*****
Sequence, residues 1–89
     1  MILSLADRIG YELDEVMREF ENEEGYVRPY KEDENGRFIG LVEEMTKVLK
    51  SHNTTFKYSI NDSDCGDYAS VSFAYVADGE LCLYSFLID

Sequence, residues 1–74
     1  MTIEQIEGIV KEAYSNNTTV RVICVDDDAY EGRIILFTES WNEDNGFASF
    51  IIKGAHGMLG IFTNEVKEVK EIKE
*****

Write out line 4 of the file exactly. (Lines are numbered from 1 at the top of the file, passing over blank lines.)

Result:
Sequence, residues 1–74